Warren’s major literary and political aims—to form minds, fix principles, and cultivate virtue—characterized her writings from the beginning. Her satirical plays—“The Adulateur,” “The Defeat,” and “The Group”—are memorable chiefly as representative examples of early American political satire and as well-timed propaganda. Her poetry, long neglected, is now being taken seriously by scholars. That she was committed to poetry as an art and as a vehicle for political and didactic themes is evidenced by the dozens of poems that, until recently, remained unpublished and by her numerous, careful revisions of her work. But the best of Warren is her prose, and the best of her prose is her History.
In historical narrative Warren found the medium which, better than poetry or satire, satisfied her urge to be both an artist and a political and moral force. In her History she sustained the republican persona that she had been developing in her letters since the 1770s. And here she joined more successfully than ever the themes that lay at the center of her concern. These themes involved both her conception of history and her understanding of the proper role of the historian in a republican order.
Warren viewed history in terms of three fundamental conflicts: a political conflict between liberty and arbitrary power; an ethical conflict between virtue and avarice; and a philosophical conflict between reason and passion. The three were consistent with one another: History revealed a continual struggle between liberty, virtue, and reason against the blind pursuit of power, luxury, and passion. Beyond being mutually consistent, liberty, virtue, and reason were, for Warren as for many of her generation, necessary to sustain a republic. Liberty without virtue and reason to guide it led to licentiousness; virtue without reason and liberty to energize it led to passivity and quietism; and reason without liberty and virtue to focus it led to abstraction and cynicism. The need for all three animating principles demonstrated why republics had proven to be so fragile.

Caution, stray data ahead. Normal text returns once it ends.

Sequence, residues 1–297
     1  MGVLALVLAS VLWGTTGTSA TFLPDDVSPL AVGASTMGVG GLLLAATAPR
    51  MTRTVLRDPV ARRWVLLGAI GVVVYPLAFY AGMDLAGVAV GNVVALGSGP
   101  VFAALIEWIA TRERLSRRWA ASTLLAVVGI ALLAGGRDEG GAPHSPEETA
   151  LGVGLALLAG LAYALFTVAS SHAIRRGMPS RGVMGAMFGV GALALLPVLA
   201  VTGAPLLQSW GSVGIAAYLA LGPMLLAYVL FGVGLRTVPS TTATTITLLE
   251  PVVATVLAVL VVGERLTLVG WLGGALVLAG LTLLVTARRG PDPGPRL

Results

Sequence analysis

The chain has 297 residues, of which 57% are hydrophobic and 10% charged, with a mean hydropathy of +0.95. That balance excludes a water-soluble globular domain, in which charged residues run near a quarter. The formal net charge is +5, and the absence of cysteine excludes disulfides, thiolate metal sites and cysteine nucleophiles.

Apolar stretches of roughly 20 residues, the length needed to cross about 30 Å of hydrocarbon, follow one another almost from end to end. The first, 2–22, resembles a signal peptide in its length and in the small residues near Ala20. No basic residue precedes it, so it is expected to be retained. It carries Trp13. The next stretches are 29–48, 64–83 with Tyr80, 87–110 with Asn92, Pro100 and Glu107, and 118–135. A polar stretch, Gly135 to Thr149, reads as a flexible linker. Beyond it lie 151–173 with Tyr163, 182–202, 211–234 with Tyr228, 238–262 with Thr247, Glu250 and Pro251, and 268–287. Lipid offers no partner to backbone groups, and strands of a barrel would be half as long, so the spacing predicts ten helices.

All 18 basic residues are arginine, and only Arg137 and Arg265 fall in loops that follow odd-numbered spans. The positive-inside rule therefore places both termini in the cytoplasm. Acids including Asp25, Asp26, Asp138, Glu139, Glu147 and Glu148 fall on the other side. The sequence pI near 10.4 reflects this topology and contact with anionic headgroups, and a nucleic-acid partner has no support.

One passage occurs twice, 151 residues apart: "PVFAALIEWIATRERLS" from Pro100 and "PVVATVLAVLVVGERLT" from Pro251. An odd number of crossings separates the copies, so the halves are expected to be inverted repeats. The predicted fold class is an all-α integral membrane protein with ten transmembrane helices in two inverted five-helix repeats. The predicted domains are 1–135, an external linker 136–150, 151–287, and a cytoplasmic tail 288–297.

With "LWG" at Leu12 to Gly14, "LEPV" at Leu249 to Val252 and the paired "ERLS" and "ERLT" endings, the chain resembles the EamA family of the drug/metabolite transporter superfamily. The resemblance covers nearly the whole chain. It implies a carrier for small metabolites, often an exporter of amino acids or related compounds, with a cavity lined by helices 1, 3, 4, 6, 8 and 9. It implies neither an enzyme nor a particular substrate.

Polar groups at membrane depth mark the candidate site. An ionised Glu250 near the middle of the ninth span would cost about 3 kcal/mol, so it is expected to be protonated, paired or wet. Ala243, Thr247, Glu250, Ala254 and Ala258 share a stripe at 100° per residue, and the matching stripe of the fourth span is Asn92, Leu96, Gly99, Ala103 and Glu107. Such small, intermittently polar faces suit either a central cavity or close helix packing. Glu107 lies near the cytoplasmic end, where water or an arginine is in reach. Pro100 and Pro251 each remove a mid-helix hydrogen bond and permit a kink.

Warren sometimes characterized the three conflicts in the starkest terms, suggesting that she viewed history as a vast morality play—not unlike “The Sack of Rome,” which she had based on Joseph Addison’s “Cato” (1713)—in which simple, industrious, virtuous, liberty-loving republicans courageously resist the encroachments of kings, despots, and mannered aristocrats who care only to gratify their baser passions. While, for Warren, history may have been easy enough to categorize into strict oppositions, its outcomes were neither obvious nor inevitable. If history revealed any consistent tendency, it was that arbitrary power, corruption, and irrationality tended to defeat enlightened principles. That was why most of the world remained enslaved. “Ambition and avarice,” she wrote, “are the leading springs” of history, whereas “virtue in the sublimest sense, has an influence only on a chosen few,” and “the guidance of reason . . . operates too little on the generality of mankind.” Faced with those who lusted for power and self-aggrandizement, most people in the history of the world submitted, too ignorant, cowardly, or despairing to resist.